For all the talk of fairness, what we inherited in 2013 was a morally unacceptable form of taxation without representation.
The idea that a mum and dad would spend big on themselves today using a credit card and bind their children to pay for that credit card bill in 15 years’ time – is an idea that we would all find outrageously unfair on an individual level.
When the entire welfare system was growing well beyond the capacity to pay for it – we were engaging in precisely the same form of intergenerational cost shifting but on a massive scale.
The human face of controlling welfare expenditure growth is not just that we end the shameful unfairness of pushing today’s welfare bill down onto the next generation of Australians.
Success in moving more people than ever before away from welfare and into work improves individual lives.
Under Labor the growth rate of job seeker income support was 13.5% a year (four times the growth rate of revenue over the period).
I have described 13.5% growth as unsustainable and the 3.5% achieved by the Coalition as representing a massive policy success.
Recently some commentary agreeing with these facts, said that it was a “stretch” to characterise this as a policy success.
The argument was that in 2008 the previous Labor government experienced the GFC and in 2013 Julia Gillard had a policy to move a significant number of people immediately from the single parent payment into Newstart; thus increasing expenditure growth on Newstart.
Obviously, job growth is a big part of the success in decreasing welfare expenditure growth.
But reading some commentary it seems the distinction between those outcomes our government is responsible for through policy and those that are just luck is identified this way.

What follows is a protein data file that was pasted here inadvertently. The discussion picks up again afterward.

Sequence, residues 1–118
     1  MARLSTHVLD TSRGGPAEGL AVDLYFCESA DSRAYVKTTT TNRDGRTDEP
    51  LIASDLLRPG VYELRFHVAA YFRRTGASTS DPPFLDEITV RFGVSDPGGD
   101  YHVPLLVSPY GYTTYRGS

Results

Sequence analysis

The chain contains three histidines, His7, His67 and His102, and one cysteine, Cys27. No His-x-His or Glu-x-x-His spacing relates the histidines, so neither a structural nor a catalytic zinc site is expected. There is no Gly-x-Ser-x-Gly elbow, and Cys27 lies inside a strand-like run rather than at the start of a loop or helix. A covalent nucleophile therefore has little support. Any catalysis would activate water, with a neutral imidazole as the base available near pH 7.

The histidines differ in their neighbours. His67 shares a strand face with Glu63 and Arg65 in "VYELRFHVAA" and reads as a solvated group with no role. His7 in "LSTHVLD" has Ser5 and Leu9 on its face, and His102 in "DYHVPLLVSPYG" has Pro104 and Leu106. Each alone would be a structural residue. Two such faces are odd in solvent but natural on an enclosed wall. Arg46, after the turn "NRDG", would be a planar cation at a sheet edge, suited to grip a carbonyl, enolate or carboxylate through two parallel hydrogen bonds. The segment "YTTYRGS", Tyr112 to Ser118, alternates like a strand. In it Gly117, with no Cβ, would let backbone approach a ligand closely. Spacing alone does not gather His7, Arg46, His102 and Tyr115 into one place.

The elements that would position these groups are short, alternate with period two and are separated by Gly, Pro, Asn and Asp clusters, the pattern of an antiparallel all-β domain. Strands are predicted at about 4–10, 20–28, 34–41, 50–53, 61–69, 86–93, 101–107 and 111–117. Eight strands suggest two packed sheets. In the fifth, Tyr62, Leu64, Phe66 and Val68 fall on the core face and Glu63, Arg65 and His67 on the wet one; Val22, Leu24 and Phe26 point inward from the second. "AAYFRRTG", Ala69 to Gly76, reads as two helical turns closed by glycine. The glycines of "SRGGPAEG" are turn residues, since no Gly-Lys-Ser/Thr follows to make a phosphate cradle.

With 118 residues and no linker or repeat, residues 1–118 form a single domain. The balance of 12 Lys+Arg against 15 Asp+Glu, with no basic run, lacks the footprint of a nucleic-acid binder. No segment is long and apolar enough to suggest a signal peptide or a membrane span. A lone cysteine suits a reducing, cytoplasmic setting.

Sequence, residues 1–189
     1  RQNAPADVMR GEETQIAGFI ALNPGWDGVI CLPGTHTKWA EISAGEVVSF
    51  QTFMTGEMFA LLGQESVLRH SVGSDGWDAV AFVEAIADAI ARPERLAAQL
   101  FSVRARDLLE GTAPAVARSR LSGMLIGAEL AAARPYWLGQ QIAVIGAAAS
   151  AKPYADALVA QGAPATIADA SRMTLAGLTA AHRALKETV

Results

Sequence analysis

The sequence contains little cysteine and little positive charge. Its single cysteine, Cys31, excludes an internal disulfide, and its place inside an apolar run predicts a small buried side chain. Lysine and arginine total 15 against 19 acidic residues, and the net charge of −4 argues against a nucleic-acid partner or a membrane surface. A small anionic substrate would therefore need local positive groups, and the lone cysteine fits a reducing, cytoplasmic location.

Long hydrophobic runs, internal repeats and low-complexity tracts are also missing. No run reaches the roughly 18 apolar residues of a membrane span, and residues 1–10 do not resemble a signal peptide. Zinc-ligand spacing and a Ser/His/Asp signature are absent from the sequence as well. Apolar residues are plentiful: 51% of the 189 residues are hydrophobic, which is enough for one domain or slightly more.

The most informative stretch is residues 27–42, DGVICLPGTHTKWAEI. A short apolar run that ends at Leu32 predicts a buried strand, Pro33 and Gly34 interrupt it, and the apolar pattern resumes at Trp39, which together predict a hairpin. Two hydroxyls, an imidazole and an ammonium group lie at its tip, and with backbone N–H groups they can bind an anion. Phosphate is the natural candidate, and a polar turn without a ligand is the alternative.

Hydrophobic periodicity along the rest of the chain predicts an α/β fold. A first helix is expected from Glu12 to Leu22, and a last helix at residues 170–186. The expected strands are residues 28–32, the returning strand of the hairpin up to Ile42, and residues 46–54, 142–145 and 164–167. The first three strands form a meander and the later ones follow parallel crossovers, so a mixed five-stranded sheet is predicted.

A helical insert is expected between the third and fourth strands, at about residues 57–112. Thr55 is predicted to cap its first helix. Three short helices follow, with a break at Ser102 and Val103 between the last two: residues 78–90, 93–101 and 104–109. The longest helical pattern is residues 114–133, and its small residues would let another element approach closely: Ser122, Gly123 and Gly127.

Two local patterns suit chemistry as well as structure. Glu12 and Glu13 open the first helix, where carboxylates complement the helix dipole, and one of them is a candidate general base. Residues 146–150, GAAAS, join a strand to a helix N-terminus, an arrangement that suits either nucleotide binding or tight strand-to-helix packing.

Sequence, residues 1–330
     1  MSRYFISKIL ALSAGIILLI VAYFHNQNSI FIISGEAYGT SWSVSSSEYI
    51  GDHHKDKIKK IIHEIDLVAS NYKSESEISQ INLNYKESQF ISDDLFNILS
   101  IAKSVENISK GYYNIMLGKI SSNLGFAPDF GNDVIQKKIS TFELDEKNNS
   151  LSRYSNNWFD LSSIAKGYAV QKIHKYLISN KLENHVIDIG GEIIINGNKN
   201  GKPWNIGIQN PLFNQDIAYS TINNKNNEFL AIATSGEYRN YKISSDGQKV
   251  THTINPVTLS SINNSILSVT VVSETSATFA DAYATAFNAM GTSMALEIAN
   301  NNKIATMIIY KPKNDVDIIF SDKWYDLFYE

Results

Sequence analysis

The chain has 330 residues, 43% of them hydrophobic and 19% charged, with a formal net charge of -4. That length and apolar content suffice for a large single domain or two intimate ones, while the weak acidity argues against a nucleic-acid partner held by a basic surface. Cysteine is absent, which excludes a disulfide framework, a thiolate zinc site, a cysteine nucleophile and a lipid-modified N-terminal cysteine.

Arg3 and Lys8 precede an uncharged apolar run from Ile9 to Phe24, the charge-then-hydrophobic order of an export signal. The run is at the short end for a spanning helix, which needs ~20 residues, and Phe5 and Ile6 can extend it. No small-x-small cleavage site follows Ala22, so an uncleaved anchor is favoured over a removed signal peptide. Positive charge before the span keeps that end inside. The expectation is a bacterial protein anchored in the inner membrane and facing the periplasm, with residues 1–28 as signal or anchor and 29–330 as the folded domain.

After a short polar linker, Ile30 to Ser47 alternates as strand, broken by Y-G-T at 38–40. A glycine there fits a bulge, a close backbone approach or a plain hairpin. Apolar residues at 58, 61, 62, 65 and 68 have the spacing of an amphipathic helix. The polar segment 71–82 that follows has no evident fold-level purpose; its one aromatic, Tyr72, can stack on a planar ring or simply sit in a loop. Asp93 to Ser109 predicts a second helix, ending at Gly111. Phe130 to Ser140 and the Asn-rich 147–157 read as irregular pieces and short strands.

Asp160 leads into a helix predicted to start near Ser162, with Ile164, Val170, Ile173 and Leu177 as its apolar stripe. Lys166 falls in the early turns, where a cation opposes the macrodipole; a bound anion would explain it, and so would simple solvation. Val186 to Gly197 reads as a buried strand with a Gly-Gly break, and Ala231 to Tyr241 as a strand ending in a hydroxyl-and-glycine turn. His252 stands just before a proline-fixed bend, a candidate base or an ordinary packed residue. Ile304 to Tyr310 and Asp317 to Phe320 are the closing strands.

We are completely responsible for any and all negative outcomes and just lucky when good outcomes occur.
Last year we created over 300% more job growth than the last year of the former Labor government (which was 5 years after the GFC) – this is good policy not good luck.
Trying to explain away the huge decrease in expenditure growth on Newstart by noting Labor policy that moved people between different categories of working age payments, suffers the weakness that our success has not just been with one category of working age welfare.
The decrease has been across all six major categories of working age welfare.
For example, under Labor the growth rate for Disability Support Pension was 9.5% per year. The Coalition has now reduced this to 0.3%.
Under Labor, the welfare expenditure growth for Carer Payment was 16.3%. The Coalition has reduced this to 6.5%.
Overall, across all six key working age payments, the cumulative growth rate of payments under Labor was 9.1 per cent per year.
Under this Government, the rate has been 2.1 per cent.
That incredible turnaround cannot be explained away as movement between welfare categories or mere good luck.